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“So what year are you now?”
“I go to community college.” I reply as he sprays water from his squeeze bottle.
“Reynolds.” The scissors start clacking.
“Ah, I had a buddy who was up at Reynolds.” The scissors stop, and a piece of hair lands on my nose. He looks at me, but not the real me; the me in the mirror. “Say, you don’t happen to know a kid named Damon Washington, do you?”
I shake my head. “Keep still!” He shouts, like the building’s on fire. “Sorry, you just can’t move your head like that while I got the scissors out. It’s a liability thing.”
“A liability thing,” I mutter. I was pretty sure I said that in my head, but he’s soon spouting about it like I was talking to him.
“We take liability very seriously here. After a past few incidents, we have our safety all up to date. You should have read about it on that waiver you signed, no?”
The hair on my nose itches like crazy, but I’m afraid that if I try to brush it off, he’ll yell at me again. He looks at mirror-me blankly, until I say, “I just stuck a John Hancock on it.”
“Maybe it’s good you didn’t read it. If you’d seen the part about that guy a year back, you’d be walking out that door.”
I’m not really interested, but he continues.
“It was a nice Saturday morning in May, I’m working the early shift, and this guy walks in.” He takes out an electric razor and plugs it into a wall socket. “This guy, he had the thickest hair you’d ever seen. Molasses. Jet black. Real nice stuff. People’d probably pay thousands if this guy sold a wig. He coulda sold it all to cancer. Anyway, guy walks in, says he wants to trim an inch off the top, use a three razor on the sides. But this hair was long and bushy around the ears, so I had to take some of it with the scissors. These real sharp scissors. Like the kind surgeons use to open people up. I’m trimming his hair on the sides, snip snip snip, and all of a sudden I look at the scissors, and the tip is bright red. And I look at the guy, and he’s missing an ear.”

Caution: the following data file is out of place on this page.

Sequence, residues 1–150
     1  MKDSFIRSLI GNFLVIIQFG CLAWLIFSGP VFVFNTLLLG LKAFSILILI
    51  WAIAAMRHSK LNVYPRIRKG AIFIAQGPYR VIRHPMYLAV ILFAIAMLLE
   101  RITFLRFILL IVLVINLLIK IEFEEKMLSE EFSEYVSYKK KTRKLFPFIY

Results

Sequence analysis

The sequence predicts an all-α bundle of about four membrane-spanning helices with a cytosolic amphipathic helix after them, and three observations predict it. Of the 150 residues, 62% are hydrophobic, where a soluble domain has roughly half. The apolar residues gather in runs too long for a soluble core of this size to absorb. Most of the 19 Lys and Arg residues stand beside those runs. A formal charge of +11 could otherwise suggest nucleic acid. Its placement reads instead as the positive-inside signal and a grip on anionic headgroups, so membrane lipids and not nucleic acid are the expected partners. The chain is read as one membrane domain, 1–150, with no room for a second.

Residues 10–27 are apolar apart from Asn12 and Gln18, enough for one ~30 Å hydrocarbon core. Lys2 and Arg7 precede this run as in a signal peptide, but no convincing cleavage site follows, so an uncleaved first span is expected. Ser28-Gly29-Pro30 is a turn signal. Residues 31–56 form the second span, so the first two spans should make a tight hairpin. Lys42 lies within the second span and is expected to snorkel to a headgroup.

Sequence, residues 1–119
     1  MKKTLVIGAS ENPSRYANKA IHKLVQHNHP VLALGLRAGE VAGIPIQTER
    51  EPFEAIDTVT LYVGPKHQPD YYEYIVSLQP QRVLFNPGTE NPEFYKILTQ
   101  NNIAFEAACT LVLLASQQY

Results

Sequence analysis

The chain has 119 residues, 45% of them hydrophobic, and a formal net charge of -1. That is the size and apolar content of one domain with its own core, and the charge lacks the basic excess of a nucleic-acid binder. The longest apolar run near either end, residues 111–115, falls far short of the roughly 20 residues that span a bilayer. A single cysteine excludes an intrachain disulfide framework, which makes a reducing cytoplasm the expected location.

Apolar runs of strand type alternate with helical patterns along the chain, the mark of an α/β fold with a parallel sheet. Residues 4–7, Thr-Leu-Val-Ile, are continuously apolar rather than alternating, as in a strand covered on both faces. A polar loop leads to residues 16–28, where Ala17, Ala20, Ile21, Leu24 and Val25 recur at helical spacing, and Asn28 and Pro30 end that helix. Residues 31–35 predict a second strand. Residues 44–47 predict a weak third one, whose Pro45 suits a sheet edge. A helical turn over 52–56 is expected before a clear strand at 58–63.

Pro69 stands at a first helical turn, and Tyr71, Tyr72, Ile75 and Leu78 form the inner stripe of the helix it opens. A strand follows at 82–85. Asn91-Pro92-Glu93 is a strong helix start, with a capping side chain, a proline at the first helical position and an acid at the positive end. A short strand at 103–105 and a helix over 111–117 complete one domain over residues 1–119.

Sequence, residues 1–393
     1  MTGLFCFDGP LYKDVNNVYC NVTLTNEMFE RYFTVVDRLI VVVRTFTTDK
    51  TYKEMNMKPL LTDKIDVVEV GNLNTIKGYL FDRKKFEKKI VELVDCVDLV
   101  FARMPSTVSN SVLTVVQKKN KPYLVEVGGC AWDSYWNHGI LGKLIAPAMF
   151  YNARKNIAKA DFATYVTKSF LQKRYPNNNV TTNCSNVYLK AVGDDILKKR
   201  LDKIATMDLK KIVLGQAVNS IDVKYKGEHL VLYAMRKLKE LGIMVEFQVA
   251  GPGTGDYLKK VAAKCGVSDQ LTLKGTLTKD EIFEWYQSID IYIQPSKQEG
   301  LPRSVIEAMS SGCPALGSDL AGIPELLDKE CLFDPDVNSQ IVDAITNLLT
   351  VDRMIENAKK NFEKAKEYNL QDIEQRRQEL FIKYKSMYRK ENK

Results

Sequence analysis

His voice is heavy and muffled, like he has something in his mouth, maybe soup or honey or something. The punchline is blunt, like every other word. “Did he tip you?” I ask, giving my smile a restraining order.
“I’ll get there. The man starts cursing and screaming at me, blood spurting from where his ear was, or I should say, where the ear used to be, and then he just went quiet and looked down at the floor. There was the ear, surrounded by an almost perfect circle of that luscious black hair. It was the kind of thing you’d see in a surrealist painting or something. He immediately started talking about how he was going to his lawyers; he was one of those folks. He picked up the ear and turned around and all I see is the little bell on the door jingling like it’s dancing the salsa. Man walks out with half a haircut, doesn’t even pay. And leaves me to clean up all the blood.”
“That’s a good one,” I say. “Got any more stories?”
He ignores me. “Looks good?” He holds a hand mirror to the back of my head. I nod, gently enough so he won’t lose it again. As he takes off my black smock, I tilt my head a little, hoping he won’t notice. My ear is still there.